This week marked the one-year anniversary since the deadly collapse at Rana Plaza that killed more than 1,100 workers. It’s difficult to gauge the progress in improving workers’ safety. Two main coalitions of western fashion brands have formed — the Bangladesh Accord for Fire and Building Safety and the Alliance for Bangladesh Worker Safety — and although there seems to be some disagreement among them, the good news is that efforts for improvement are still very much in the media and the public eye.
I was really happy on Thursday morning to receive an email from the informative and influential site, The Business of Fashion, with the subject line: BoF Supports Fashion Revolution Day – #InsideOut. What followed was an excerpt and link to an op-ed written by Tamsin Blanchard, a British writer who is the style director at the Telegraph and the author of the 2008 book, Green is the New Black. She wrote about a new initiative, Fashion Revolution Day, that’s raising awareness through events (though they seem to be mostly in the UK so far), social media, and a great looking website with essays and photographs showing garment factories around the world.
Other media outlets have done well to keep the tragedy at Rana Plaza top-of-mind by continuing to follow up on the story. Quartz — soon to be my own employer — published an update that touched on the state of Bangladesh’s garment industry, the under-compensated fund for injured workers, and even a visit to the rubble where Rana Plaza once stood. The New York Times photographer Ismail Ferdous, obviously shaken by the experience of photographing the aftermath at Rana Plaza, made “The Deadly Cost of Fashion,” an op-doc with Nathan Fitch that revisits the experience and attempts to frame the tragedy in the scheme of a global economy and society, with a personal voice. (It’s very moving, and very sad.) All of these stories and campaigns offer ways for us western consumers to get involved, whether by signing petitions for brands to pay into workers’ funds, making donations ourselves, or simply wearing our clothes inside-out, to ask publicly: who made this?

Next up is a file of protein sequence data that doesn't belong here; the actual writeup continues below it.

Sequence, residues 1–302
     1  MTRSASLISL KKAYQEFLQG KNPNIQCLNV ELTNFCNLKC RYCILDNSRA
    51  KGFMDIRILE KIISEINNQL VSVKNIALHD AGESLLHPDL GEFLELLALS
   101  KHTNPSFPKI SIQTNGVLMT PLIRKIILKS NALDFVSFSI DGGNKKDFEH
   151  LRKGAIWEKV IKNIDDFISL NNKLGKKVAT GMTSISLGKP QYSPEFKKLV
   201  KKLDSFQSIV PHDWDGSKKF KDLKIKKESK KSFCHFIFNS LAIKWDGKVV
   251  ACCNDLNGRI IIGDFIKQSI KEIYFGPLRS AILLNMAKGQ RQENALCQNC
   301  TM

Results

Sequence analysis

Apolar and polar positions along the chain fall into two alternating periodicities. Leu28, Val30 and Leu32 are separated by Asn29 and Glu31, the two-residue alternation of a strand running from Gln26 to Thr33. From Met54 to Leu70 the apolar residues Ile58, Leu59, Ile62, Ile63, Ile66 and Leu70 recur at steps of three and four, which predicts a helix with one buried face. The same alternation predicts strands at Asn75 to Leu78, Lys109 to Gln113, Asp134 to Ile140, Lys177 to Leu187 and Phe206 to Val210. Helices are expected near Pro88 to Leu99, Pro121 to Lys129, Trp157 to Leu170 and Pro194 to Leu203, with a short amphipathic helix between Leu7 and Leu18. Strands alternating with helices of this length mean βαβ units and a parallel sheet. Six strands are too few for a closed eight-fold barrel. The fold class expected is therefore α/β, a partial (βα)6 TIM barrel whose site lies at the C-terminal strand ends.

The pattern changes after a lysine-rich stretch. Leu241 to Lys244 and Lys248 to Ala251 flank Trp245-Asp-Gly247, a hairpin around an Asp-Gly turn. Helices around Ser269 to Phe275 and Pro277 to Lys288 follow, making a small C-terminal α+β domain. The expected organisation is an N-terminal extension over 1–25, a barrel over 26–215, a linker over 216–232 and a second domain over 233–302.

I have always been a wearer of vintage clothing, and today it seems like a smart, simple, and beautiful way to participate in the joys of fashion, while stepping away from the convoluted ethics of the fashion system. So, I was happy to get another fashion-related announcement this week. Stefany Mohebban, who I worked with last year for my Wall Street Journal story about personal shoppers, is curating a vintage sale at Dusty Rose Vintage in Williamsburg, Brooklyn this afternoon. Stefany has an incredible eye, so in spite of a heap of freelance work to do today, I may just take a break for a spring refresh myself. Check it out if you’re in the neighborhood. Happy Sunday!